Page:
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Accidental Deliberations: Monday Morning Links

Miscellaneous material to start your week.

- Michael Harris observes that the Cons’ vote suppression tactics match the worst abuses we’d expect from the Tea Party: Stephen Harper would make a good governor of Arizona.

In addition to the lies and sleaziness his government has been serving up during its majority, its sickening reliance on marketing over truth, its dishonest use of technology in political matters, and its shameful abuse of language, the prime minister is blighting democracy in the name of political advantage.

When Stephen Harper gave Canada fixed elections dates, no one expected a whole lot more “fixing” (Read more…)

Accidental Deliberations: Monday Morning Links

Miscellaneous material to start your week.

- Laura Ryckewaert looks in more detail at the continued lack of any privacy protection in the Unfair Elections Act. And Murray Dobbin is hopeful that the Cons’ blatant attempt to suppress voting rights will instead lead to a backlash among those who are intended to be excluded: (W)hatever the outcome, perhaps the best possible response of democracy activists would be to treat this loathsome piece of legislation as a useful crisis. This is exactly what leaders of the African-American and Latino communities have done in their fight against the blatant voter suppression efforts (Read more…)

Accidental Deliberations: Tuesday Morning Links

This and that for your Tuesday reading.

- Sarah Ayres discusses the value of the social safety net as a matter of both social and economic policy: A significant body of evidence supports the view that, far from creating a so-called poverty trap, the safety net actually reduces poverty, increases economic mobility, and strengthens our national economy. Moreover, studies have shown that many antipoverty programs, especially those that target children, offer an excellent return on investment to taxpayers.…An analysis by the Council of Economic Advisers shows that when safety net programs are taken into account, the poverty rate actually fell from 26 percent in 1967 (Read more…)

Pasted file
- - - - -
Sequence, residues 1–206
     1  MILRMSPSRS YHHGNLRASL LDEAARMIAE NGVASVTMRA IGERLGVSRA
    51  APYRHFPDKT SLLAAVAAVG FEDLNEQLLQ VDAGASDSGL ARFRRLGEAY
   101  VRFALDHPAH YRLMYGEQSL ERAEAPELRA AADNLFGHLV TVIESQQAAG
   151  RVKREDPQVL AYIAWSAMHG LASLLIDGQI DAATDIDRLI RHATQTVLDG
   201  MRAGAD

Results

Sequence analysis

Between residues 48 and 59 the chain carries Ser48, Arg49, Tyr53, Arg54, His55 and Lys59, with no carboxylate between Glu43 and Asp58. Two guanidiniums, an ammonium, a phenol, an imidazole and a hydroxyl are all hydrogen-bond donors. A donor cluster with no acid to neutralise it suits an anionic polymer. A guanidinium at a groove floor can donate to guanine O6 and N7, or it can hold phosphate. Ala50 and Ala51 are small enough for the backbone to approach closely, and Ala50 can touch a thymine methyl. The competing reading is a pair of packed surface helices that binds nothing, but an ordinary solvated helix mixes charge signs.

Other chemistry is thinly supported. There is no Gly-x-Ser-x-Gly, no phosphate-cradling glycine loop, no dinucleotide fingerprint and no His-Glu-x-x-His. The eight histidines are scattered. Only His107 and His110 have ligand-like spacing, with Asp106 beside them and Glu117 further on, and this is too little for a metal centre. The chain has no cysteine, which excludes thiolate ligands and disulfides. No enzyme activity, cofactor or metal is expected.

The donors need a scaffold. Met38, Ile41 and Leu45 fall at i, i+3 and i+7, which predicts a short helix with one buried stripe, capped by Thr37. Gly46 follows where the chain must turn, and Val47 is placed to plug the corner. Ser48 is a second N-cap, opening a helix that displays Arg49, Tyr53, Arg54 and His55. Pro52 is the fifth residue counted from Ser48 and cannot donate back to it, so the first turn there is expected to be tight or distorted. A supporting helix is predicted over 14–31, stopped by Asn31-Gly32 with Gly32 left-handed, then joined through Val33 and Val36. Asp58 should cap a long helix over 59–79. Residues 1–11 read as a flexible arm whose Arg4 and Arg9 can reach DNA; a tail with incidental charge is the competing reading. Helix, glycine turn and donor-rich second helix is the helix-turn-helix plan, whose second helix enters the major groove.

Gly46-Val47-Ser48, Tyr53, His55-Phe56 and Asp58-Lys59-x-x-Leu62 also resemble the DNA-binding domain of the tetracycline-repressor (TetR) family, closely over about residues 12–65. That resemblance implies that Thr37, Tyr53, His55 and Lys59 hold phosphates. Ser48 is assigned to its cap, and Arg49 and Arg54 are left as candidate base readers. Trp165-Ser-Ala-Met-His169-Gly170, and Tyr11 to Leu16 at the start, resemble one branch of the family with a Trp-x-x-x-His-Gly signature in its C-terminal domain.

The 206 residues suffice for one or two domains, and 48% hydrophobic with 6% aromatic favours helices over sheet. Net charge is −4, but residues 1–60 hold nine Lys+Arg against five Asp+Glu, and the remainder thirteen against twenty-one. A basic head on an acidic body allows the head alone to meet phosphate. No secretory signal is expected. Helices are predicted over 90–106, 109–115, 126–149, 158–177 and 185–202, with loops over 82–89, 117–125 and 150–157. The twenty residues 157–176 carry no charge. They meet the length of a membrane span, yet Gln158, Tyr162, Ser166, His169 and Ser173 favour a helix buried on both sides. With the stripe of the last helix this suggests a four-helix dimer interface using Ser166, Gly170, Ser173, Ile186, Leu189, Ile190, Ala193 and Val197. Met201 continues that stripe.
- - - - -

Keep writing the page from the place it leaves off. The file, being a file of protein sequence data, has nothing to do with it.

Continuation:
Accidental Deliberations: Monday Morning Links

Miscellaneous material to start your week.

- Yves Smith notes that a short-sighted focus on returns for shareholders generally represents a poor allocation of resources even on the level of a single corporation – while also pointing out what that mindset does when shared across the business sector: As the Occupy Wall Street movement correctly recognized, the concentration of income and wealth of the economic top “one percent” of society has left the rest of us largely high and dry. Corporate profits are increasingly going to share buybacks or dividend distribution, but very little is going back into research and (Read more…) Protect Our Privacy with our Letter to the Editor tool

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Highlight Link: Huffington Post: Bill C-13 would grant immunity to telecoms who hand over your private information without a warrant

It looks like the video we created with your support about the online spying bill C-13 has really been turning heads. Check out this piece about how Peter MacKay’s bill would grant immunity to telecoms who hand over your private information without a warrant.